Pitt's Seniors: It's Not What We Wanted

While his friends and teammates slowly left Heinz Field for the Pitt locker room, fifth-year senior defensive tackle Gus Mustakas stayed for a while.

It's not that he wanted to find some solace in being alone, because Gus Mustakas watched Cincinnati celebrate. The Bearcats beat Pittsburgh 45-44 Saturday and were in the mood to party. They were 12-0, kept the River City Rivalry Trophy, won the Big East and were going to a BCS Bowl for the second straight year.

So, why would Mustakas want to witness what eluded the Panthers?

"I don't know why I watched their celebration,'' Mustakas said. "Just to see it, I guess, but I was stuck out there watching them. I give a lot of credit to them, because they were way down and busted their butts to get back into it and win the game. ... And we just didn't get the stops that we needed at the end.

"So, I got into the locker room a little late because I stayed out there to watch the Cincinnati celebration. We just have to keep our heads up, and the young guys have to learn from this so it doesn't happen again. Now, we have to focus on our bowl game and see if we can't win that.''

By the way Pitt coach Dave Wannstedt and the players looked when they entered the interview room, it was quite emotional in the locker room afterward. Wannstedt, though, noted that he didn't say much.

"It was quiet,'' Wannstedt said. "I was proud of them. I was proud of how they played and extremely proud of how they prepared. The leadership on this team is what you need to win a championship.

"And I would hope that the younger guys would take note what (the seniors) did to lead this team from the offseason to now. We're close, and we're a lot closer than a year ago and light years from where we were four years ago. So, it's important now to keep recruiting and keep rebuilding.''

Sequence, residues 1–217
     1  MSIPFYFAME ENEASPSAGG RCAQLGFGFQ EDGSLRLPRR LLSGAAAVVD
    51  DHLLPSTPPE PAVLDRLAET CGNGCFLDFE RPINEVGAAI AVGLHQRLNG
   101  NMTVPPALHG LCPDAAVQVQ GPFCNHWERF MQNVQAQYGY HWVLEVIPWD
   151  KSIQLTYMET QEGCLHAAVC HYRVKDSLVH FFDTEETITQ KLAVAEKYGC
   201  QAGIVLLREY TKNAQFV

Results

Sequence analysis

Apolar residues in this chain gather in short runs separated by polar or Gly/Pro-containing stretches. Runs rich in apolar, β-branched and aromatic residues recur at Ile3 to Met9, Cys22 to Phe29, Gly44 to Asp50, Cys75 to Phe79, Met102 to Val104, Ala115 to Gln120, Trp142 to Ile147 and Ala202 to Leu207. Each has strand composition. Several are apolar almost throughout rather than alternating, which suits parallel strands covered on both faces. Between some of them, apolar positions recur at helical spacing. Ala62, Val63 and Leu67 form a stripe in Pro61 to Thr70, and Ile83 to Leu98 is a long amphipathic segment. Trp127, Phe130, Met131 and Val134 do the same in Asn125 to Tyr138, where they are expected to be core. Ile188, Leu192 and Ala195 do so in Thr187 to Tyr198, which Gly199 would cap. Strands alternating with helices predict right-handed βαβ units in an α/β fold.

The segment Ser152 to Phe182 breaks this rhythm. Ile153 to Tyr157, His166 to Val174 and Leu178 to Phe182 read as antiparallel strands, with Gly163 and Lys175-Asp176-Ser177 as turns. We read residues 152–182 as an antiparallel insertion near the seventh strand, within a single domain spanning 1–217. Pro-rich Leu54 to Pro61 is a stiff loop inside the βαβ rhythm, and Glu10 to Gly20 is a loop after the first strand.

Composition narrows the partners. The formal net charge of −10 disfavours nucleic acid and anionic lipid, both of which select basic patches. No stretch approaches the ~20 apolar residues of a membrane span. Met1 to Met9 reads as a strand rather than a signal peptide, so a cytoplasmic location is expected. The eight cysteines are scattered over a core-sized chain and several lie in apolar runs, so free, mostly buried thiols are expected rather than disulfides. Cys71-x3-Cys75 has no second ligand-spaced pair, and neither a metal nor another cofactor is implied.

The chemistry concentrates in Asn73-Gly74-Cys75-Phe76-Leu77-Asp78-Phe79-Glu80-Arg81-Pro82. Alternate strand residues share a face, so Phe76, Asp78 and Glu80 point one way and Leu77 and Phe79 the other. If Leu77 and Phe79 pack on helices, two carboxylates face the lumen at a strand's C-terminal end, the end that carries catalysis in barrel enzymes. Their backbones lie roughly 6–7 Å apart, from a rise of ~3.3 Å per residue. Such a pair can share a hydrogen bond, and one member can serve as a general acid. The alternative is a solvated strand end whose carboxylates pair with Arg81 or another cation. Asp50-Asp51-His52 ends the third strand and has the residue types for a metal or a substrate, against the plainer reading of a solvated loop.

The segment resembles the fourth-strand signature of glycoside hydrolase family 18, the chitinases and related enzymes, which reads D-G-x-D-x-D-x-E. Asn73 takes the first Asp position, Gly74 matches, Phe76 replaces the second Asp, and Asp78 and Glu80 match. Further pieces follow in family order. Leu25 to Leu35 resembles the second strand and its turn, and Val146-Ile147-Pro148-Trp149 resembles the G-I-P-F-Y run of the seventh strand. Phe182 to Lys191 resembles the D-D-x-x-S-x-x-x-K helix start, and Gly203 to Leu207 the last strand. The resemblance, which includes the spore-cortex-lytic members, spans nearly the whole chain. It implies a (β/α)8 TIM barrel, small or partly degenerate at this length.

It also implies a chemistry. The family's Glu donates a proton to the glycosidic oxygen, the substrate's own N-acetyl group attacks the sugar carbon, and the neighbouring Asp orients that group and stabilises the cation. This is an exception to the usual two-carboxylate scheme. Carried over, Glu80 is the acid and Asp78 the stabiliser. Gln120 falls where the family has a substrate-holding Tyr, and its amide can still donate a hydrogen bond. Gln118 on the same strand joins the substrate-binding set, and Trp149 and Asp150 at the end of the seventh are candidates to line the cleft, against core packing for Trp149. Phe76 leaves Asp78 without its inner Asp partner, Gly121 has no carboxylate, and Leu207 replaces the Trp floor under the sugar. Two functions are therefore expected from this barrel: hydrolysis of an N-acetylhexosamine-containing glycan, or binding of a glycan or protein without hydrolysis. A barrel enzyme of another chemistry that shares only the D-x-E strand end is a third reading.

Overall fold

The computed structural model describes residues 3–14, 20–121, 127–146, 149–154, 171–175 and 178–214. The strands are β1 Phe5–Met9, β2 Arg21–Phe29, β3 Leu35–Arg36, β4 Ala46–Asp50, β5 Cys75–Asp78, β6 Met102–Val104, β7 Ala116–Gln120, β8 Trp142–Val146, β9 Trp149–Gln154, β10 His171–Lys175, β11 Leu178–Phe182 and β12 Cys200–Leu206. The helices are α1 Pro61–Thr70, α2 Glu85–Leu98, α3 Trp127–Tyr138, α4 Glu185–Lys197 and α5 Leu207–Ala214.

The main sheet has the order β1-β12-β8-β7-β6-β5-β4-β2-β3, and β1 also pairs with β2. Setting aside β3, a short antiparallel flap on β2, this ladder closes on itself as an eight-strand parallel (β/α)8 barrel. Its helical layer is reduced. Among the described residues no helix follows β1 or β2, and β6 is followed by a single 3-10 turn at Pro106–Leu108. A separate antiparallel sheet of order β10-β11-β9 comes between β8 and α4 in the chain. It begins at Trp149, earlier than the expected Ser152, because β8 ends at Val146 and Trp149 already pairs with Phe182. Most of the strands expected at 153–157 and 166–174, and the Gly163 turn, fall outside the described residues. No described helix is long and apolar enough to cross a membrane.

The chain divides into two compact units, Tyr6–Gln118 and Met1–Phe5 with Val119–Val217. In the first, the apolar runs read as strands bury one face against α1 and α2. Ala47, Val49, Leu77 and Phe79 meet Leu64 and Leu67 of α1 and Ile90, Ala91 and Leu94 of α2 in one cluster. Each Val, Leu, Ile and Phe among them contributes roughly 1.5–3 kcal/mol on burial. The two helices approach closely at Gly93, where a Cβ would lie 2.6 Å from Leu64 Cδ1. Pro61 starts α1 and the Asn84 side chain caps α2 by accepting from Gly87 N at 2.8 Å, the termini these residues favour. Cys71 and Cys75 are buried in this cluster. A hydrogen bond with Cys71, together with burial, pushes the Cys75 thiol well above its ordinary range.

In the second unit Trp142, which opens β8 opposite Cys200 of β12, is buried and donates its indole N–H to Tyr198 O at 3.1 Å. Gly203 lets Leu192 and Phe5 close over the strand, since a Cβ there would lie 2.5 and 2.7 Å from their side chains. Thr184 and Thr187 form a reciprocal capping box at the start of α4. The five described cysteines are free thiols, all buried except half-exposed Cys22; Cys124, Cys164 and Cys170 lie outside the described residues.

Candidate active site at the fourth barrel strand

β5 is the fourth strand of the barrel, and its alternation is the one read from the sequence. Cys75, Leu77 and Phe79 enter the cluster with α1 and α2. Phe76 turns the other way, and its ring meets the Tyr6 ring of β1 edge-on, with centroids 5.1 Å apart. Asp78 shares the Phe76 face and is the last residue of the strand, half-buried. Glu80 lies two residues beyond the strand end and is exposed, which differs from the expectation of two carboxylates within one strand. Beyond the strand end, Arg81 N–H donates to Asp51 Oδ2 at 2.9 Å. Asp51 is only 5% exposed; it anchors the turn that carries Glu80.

Senior right offensive guard John Malecki has endured as much as anybody during his four years, loss upon loss early while playing defense and back-to-back 9-3 regular seasons while on the O-line. He's played hurt, and he's played healthy. And he is hopeful that the example he and the other seniors set in recent years made an impact for the future.

"This is going to be a tough game to get past, but we have to do it. We need to move on to our bowl game and do our best to get ready for that. We can still get 10 wins, and that needs to be our focus now. ... How well we respond will be a reflection on our leaders. We know that was the last time that we'll ever be in that locker room with this team, and that's what we said to the young guys.

"We wanted them to not get distracted by this loss. Sure, it was tough, but we can still finish with a positive. Something positive can still happen here, and we need that. We need that 10th win, a bowl win, to end this season. It's really disappointing, losing by a point, and it's going to be tough to overcome. But we need to do it. Winning a bowl game is the best we can do right now.''

Few Panthers have been ultimate team players like senior tight end Nate Byham the past four years. A blue-chip recruit, Byham never realized the statistical success others have with his ability because he never was used that way. Then, after a decent junior year, Byham was ready to explode.

Instead, fellow senior Dorin Dickerson got the majority of the big plays from the tight end position. But Byham's future might be brighter due to his unselfishness. He bulked up to 260-plus pounds and improved his blocking skills. This type of skill level as a blocker and pass-catcher don't come along every day for the NFL, but Byham wasn't looking there just yet.

"We worked hard for this, and we put ourselves in a perfect position,'' Byham said. "This is where we wanted to be. When I came here four years ago, and even five years ago I said I wanted to come to Pitt. I wanted to win a Big East championship. I wanted to be part of something special, and we put ourselves in place for it. But they're a great team. They weren't 11-0 for no reason.

"They played well together, and at the end of the game they made more big plays then we did. And you can't pin it on one area. ... In every aspect of this game, there were plays that could have been made and should have been made. And they're ones we usually make and even easily make them. So, luck is part of it. Luck just doesn't fall your way all the time, and it didn't today.''

Pitt still has one more game, a bowl contest to end the season, but that was far, far away at this point after the game.

"I really haven't thought about that,'' Wannstedt said. "I was convinced that we were going to win this game. I really was, and our football team was.''

But in the end, there was nothing but heartache for the Panthers, and all they could do was watch while Cincinnati celebrated.

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